Certainly the option to be considered a truthful claim is always open. All you have to to is prove it. If you can't prove it in the first place, the fact that it hasn't been disproved is not a point in its favor.

    As with my previously stated analogy, a building that has been torn down and a building that has never been built are largely indistinguishable. An argument that has never been proved is as good as one disproved. Only when it is actually proved, or even demonstrated in some significant fashion, does the paradigm shift.
  14. SuperWatto Manager Emeritus

    Member Since:
    Sep 19, 2000
    star 5
    Silly! If you could prove God, you wouldn't need faith!
  15. VadersLaMent Chosen One

    Member Since:
    Apr 3, 2002
    star 9
    The argument that "you can't disprove it either!" allows for such things as high sales figures for the paranomral section in bookstores.
  16. LostOnHoth Chosen One

    Member Since:
    Feb 15, 2000
    star 5
    Sounds like Pascal's Wager to me.
  17. JediMaster1511 Force Ghost

    Member Since:
    Jul 15, 2010
    star 9

    But just because something hasn't been proven doesn't mean it doesn't exist. While it may not exist, it may also exist, unless proven not to.

    The point that was trying to be made is there is nothing proving nor disproving a higher power, so it should be an open possibilty until something definitive occurs on either side.

    Side note: Do you necsesarily need to "prove" something exists to disprove it?
  18. SuperWatto Manager Emeritus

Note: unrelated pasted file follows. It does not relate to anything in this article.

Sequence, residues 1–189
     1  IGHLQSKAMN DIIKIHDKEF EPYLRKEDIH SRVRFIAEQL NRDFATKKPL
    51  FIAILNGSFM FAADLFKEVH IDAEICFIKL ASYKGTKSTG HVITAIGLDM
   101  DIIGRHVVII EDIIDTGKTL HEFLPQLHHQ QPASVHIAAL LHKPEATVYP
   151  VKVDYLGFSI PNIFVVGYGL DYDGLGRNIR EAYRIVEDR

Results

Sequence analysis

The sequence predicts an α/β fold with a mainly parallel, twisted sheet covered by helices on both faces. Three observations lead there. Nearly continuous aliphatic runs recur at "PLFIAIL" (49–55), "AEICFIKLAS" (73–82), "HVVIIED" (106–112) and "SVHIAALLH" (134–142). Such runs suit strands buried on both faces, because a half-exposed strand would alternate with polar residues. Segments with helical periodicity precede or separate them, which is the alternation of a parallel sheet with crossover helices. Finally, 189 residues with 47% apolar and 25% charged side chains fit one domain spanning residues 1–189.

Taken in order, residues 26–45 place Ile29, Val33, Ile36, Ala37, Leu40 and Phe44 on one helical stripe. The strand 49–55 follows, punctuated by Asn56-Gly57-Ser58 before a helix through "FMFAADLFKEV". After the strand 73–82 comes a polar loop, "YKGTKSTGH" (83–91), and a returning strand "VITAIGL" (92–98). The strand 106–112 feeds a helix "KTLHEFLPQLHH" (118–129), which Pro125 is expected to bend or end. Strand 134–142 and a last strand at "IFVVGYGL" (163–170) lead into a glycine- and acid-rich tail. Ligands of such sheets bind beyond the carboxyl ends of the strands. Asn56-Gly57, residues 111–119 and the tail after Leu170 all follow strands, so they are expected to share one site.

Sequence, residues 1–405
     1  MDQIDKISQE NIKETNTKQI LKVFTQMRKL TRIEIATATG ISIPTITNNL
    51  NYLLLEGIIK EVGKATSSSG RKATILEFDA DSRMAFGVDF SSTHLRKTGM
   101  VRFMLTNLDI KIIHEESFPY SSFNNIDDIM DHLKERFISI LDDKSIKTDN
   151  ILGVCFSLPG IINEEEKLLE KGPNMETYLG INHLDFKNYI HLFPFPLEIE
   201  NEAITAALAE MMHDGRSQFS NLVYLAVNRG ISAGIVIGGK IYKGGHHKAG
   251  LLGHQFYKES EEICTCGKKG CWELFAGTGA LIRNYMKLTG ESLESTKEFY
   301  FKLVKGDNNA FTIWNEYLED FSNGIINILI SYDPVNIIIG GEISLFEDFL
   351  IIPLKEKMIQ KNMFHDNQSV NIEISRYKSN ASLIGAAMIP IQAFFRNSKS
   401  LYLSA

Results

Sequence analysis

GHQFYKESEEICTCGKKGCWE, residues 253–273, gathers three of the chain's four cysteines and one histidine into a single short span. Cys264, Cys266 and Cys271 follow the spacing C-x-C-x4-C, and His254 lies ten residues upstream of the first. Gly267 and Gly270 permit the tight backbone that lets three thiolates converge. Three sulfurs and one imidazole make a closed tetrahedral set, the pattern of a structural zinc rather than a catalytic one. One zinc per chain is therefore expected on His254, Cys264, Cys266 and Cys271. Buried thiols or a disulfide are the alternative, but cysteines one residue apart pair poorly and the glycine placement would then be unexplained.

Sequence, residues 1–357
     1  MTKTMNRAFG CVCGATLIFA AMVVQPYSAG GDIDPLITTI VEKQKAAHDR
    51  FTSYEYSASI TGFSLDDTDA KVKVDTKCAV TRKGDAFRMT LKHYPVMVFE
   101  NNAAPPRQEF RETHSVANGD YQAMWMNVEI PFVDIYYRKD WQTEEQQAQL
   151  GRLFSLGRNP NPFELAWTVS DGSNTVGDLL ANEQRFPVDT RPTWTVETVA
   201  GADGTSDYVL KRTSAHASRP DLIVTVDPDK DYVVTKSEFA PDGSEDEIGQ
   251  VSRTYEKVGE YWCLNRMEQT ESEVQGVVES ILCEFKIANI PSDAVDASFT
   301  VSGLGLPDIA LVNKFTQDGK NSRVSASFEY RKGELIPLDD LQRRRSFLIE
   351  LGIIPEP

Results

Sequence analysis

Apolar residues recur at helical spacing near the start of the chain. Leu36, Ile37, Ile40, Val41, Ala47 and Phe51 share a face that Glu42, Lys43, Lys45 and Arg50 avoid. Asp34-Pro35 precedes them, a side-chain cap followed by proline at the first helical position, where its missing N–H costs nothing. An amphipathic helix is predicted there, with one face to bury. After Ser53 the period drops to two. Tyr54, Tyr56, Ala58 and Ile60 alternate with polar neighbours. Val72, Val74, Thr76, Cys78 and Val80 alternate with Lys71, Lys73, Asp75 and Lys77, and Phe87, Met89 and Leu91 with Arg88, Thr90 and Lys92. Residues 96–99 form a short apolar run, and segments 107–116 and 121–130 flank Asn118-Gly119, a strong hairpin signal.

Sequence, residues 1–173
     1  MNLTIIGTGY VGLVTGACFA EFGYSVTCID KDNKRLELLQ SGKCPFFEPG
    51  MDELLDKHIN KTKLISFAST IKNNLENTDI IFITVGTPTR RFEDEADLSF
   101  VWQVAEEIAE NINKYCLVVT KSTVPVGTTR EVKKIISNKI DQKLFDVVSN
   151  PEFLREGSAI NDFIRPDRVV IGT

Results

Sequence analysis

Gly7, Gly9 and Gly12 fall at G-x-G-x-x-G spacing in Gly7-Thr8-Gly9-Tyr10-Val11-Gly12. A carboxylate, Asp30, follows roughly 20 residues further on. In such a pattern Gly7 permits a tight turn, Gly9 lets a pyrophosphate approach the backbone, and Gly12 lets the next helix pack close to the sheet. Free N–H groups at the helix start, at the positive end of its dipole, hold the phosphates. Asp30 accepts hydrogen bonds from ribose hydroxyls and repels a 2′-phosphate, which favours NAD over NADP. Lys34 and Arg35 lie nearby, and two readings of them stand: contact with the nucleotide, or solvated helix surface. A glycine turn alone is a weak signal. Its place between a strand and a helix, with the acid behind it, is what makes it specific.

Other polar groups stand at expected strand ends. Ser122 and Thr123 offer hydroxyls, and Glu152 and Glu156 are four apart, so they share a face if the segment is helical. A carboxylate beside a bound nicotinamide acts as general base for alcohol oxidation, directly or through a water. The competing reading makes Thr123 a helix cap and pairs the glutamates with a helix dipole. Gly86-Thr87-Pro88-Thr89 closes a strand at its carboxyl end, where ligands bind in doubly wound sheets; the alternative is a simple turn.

Member Since:
    Sep 19, 2000
    star 5
    Yeah... won't be long now. Soon we can welcome a fresh atheist on the boards.
  19. Jedi_Keiran_Halcyon Jedi Grand Master

    Member Since:
    Dec 17, 2000
    star 6
    And the point that you're missing and/or ignoring is that when every one of an infinite number of contradictory supernatural claims is just as "possible" as another, there's no practical difference between "I'm open to it all because none of it's been disproven" and "I don't believe any of it because none of it's been proven".

    You might as well argue whether it's more accurate to say "the glass is half empty" or "the glass is half full".
  20. MeBeJedi Jedi Grand Master

    Member Since:
    May 30, 2002
    star 6
    Oh, I'm sure it isn't, because I'm sure that possibility is just a bit too "open-minded" for him, despite his claim that "There is no reason to shut our minds no matter how improbable something sounds to us at this present day." In my experience, people who tend to use the "Let's be more open-minded about things" tend to mean "You should be more accepting of MY beliefs", even though they have little intention of reciprocating.

    So you are open to the possibility that Christianity is wrong, and Allah is the one true God?

    I'm not saying it's right, I'm just asking you if you believe it's possible.

    How about the possibility that God is made up of 23 1/2 pink elephants named Ed. I mean, unless you can prove that assertion false, then you must accept the possibility that it could be true, correct?

    LOL!
  21. Lord Vivec Chosen One

    Member Since:
    Apr 17, 2006
    star 7
    E85's post is basically another version of Russell's Teapot, and is a logical fallacy.
  22. DorkmanScott Manager Emeritus

    Member Since:
    Mar 26, 2001